Longtime animal rights activist and Laguna Woods resident Rose Tingle argues that the group charged with oversight for the OC Animal Shelter – the City Managers Association Animal Care Committee – lacks the needed expertise in animal welfare and lacks transparency. Tingle wants public oversight of animal shelters.
Why free or low cost adoption events may not be a good idea. Dr. Gardner contends that giving free animals without screening is problematic. Rather he suggests giving shelter animals, free of charge, to reputable rescue groups as a way to reduce shelter population.
With Orange County Supervisors breaking ground on Friday for a new, modern animal shelter to replace the county’s WWII-era facility, County CEO Frank Kim talks about the opportunities ahead for OC Animal Care and partners like the City of Tustin and the South Orange County Community College District.
The following is a story by the Foothills Sentry newspaper, a Voice of OC media partner covering Orange, Villa Park, Orange Park Acres, Anaheim Hills, North Tustin, Silverado Canyon, and Modjeska Canyon. This story was published in the Sentry’s June 2016 edition
The cities of Orange, Villa Park and Tustin renewed their service contracts with OC Animal Care and agreed to pay a proportional share of the costs to build a new animal shelter on the former Marine Corps Base. Under the agreements, Orange will pay $2.467 million; Villa Park, $46,000; and Tustin, $791,000. The cities’ shares of the $30 million facility were determined by historic usage and services provided. Orange County is supplying $5 million and 10 acres of land. The remaining costs will be borne by the 14 OC cities that have agreed to contribute, and signed 10-year service agreements.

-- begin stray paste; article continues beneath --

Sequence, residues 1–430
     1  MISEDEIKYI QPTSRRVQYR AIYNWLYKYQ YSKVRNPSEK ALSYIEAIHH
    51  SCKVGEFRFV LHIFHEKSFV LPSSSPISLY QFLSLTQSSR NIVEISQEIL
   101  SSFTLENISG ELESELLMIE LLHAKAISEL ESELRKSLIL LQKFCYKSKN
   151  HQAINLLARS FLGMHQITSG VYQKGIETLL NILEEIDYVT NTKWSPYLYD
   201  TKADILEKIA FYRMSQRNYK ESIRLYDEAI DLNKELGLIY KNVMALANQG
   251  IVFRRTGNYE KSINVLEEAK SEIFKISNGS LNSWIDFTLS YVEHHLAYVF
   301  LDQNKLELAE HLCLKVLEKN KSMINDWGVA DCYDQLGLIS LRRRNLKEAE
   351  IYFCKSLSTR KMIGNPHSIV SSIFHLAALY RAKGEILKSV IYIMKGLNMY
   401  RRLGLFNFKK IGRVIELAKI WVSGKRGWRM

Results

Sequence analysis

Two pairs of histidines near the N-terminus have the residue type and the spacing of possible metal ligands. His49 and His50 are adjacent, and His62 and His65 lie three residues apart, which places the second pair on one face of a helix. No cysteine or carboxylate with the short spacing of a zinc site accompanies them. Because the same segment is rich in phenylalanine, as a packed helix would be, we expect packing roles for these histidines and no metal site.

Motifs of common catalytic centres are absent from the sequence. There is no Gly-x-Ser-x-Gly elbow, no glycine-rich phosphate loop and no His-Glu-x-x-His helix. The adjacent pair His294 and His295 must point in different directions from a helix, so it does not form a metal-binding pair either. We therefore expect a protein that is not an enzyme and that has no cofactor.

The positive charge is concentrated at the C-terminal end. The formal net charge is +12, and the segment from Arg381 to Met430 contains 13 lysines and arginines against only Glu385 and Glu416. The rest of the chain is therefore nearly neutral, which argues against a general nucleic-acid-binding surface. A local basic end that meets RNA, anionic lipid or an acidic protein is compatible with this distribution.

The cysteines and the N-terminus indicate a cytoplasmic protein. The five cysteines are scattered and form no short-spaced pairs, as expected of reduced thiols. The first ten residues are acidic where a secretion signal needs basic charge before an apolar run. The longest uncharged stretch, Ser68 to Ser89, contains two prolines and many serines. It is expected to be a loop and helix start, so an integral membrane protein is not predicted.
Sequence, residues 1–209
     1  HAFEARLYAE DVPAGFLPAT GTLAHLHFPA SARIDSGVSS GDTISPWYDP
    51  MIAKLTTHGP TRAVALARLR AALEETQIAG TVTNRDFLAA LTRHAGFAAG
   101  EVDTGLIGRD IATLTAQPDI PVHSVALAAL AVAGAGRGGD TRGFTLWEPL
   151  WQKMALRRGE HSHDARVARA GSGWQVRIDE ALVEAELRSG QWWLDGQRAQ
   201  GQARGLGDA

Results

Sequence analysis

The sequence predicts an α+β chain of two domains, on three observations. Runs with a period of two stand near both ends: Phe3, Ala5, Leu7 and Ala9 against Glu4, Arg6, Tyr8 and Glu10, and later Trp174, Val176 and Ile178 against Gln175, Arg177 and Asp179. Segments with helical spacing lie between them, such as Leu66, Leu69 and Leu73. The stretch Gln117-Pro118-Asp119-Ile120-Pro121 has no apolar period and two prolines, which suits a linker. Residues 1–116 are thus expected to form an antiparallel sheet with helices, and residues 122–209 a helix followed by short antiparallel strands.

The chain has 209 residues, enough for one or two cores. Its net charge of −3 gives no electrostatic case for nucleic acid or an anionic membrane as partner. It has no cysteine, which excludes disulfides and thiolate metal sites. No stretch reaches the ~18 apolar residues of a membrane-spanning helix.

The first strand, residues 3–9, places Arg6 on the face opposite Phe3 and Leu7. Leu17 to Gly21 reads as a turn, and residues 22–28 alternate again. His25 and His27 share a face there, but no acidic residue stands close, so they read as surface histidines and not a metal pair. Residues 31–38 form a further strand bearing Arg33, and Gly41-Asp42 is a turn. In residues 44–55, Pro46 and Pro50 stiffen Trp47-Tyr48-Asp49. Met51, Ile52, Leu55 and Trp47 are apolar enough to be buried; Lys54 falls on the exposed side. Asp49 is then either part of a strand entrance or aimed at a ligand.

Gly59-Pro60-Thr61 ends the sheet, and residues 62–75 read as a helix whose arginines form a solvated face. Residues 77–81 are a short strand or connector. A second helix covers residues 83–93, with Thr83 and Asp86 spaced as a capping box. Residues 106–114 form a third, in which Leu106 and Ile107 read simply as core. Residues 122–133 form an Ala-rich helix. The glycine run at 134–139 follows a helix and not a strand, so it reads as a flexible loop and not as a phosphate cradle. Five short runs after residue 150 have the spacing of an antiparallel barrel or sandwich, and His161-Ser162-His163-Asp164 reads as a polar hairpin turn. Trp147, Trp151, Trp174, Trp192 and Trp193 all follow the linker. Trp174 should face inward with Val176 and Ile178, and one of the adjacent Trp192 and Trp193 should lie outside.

Supervisor Shawn Nelson questioned whether the county’s efforts to attract corporate donations for the animal shelter, libraries and other services will put undue pressure on companies that do business with the county.
Orange County supervisors, who’ve faced years of criticism for the conditions at the county’s dilapidated World War II-era animal shelter, approved a series of contracts Tuesday to start the design and construction of a new shelter in Tustin.
As the county asks member cities to commit to a 10-year contract to help pay for a new $35 million animal shelter, Garden Grove officials are considering signing a contract with the Orange County Humane Society for shelter services.